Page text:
After my trip to New York, I've been thinking that there needs to be a driving version of the Sapir-Whorf Hypothesis. The way you drive changes the way you think. Or to put it a snappier more quotable version for all the link-texts, "As go the drivers, so go the pedestrians." New Yorkers (at least the ones I saw) have a very aggressive driving style, pushing their cars in wherever there's an opening, but at the same time they respect the traffic signals. I noticed that the pedestrians acted much the same way: walk quickly without acknowledging the people around them, no pushing but no patience for people standing around gawking -- and surprisingly little jaywalking, really only doing so when they know from experience that the light is about to change or when there's no crosswalk nearby. But when they expect to be able to walk, they walk with perfect confidence. Pushy, pragmatic, but in their own way polite.
Compare that behavior to the drivers here in New Hampshire, and you see a kind of wishful timidity: people generally obey the speed limits (well, add 10 mph to the posted limit, and people obey that number pretty faithfully) but they'll gladly speed up when a Beemer comes along even faster to act as a lightning rod for police irritation. Drivers here tend to be abundantly cautious, to the point of stopping at yellow lights, or slowing down just in case that pedestrian might be thinking about crossing the street. You'd expect that sort of thing in an area where the pedestrians are kamikaze jaywalkers, but the folks on foot are often just as timid as the drivers, waiting far too long before taking that second step into the crosswalk, waiting patiently for the walk sign on a street with no cars, etc.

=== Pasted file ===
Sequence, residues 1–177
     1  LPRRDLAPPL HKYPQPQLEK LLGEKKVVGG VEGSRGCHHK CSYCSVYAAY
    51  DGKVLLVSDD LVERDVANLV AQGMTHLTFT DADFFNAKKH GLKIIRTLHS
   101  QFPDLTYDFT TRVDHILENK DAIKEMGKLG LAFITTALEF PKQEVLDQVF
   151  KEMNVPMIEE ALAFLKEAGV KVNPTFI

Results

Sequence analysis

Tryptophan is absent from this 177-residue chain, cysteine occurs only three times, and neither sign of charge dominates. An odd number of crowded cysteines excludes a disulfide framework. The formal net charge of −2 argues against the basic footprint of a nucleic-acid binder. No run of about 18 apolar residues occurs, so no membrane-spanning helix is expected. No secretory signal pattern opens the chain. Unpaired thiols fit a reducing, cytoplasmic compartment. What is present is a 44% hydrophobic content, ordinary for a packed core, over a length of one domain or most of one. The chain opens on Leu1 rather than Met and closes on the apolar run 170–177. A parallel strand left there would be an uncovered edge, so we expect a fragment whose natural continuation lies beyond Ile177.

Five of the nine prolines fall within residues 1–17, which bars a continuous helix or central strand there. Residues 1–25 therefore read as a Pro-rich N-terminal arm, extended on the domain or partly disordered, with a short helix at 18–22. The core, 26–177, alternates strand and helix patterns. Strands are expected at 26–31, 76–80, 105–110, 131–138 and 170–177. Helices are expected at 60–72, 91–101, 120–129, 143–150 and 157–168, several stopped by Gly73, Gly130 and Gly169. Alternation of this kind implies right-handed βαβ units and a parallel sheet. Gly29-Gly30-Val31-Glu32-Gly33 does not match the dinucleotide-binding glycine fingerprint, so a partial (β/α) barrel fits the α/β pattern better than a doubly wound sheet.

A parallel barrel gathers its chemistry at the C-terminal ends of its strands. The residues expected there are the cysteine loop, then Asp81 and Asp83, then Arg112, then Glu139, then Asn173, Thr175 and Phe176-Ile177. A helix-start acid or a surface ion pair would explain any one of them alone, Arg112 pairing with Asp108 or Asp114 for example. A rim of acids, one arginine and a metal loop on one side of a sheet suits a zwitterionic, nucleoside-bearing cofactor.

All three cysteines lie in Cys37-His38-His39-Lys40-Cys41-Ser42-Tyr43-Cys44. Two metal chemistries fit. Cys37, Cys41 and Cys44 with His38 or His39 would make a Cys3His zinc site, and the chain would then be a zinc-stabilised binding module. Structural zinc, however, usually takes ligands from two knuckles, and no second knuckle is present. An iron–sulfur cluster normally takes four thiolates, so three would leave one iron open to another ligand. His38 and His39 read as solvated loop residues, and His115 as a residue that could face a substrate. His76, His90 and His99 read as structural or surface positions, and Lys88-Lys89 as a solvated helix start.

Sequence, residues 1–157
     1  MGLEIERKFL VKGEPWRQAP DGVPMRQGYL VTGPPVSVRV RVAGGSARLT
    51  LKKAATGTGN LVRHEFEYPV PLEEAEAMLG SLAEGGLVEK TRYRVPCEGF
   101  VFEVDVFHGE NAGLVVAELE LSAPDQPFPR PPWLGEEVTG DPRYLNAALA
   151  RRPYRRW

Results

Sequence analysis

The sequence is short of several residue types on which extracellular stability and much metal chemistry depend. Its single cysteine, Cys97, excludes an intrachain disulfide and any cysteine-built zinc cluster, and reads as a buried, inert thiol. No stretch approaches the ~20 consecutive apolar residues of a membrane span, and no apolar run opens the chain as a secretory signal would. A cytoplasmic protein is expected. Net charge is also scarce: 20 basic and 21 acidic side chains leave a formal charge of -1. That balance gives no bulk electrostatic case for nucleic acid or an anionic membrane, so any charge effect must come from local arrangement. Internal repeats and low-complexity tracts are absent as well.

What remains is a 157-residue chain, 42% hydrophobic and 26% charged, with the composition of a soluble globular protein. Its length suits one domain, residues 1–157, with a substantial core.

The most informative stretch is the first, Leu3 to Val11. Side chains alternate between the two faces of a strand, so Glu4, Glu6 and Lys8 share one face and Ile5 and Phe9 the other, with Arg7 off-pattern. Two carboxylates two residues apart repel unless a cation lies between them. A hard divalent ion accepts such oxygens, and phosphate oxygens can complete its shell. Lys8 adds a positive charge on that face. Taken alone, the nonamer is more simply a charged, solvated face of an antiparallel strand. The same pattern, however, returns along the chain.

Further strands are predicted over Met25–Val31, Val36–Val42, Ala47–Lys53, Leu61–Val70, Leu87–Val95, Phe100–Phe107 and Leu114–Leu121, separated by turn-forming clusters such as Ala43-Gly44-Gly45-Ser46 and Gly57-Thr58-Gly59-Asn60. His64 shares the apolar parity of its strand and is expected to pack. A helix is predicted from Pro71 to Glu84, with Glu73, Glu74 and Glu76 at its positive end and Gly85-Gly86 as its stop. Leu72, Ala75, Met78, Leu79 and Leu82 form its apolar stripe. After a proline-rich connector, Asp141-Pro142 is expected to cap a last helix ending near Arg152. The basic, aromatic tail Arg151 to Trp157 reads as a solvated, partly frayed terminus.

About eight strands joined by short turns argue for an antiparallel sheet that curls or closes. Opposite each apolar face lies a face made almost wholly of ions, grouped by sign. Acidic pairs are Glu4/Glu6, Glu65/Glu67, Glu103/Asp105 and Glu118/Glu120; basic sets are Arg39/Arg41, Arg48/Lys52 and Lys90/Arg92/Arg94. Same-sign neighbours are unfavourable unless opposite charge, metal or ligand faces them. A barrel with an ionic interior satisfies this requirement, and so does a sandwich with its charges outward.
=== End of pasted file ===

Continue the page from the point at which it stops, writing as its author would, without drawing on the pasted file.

In other words, if there were not some shared element going on, I would expect the NYC driving environment to produce NH-style timid pedestrians, and the NH drivers to produce NYC-style pedestrians. And at least in the latter case, it does: but only in a college town like Hanover where the pedestrians are usually not also drivers!
I'd extend this example to Boston, but I think there's a highly promising paper to be written on that one, maybe for a journal of abnormal psychology...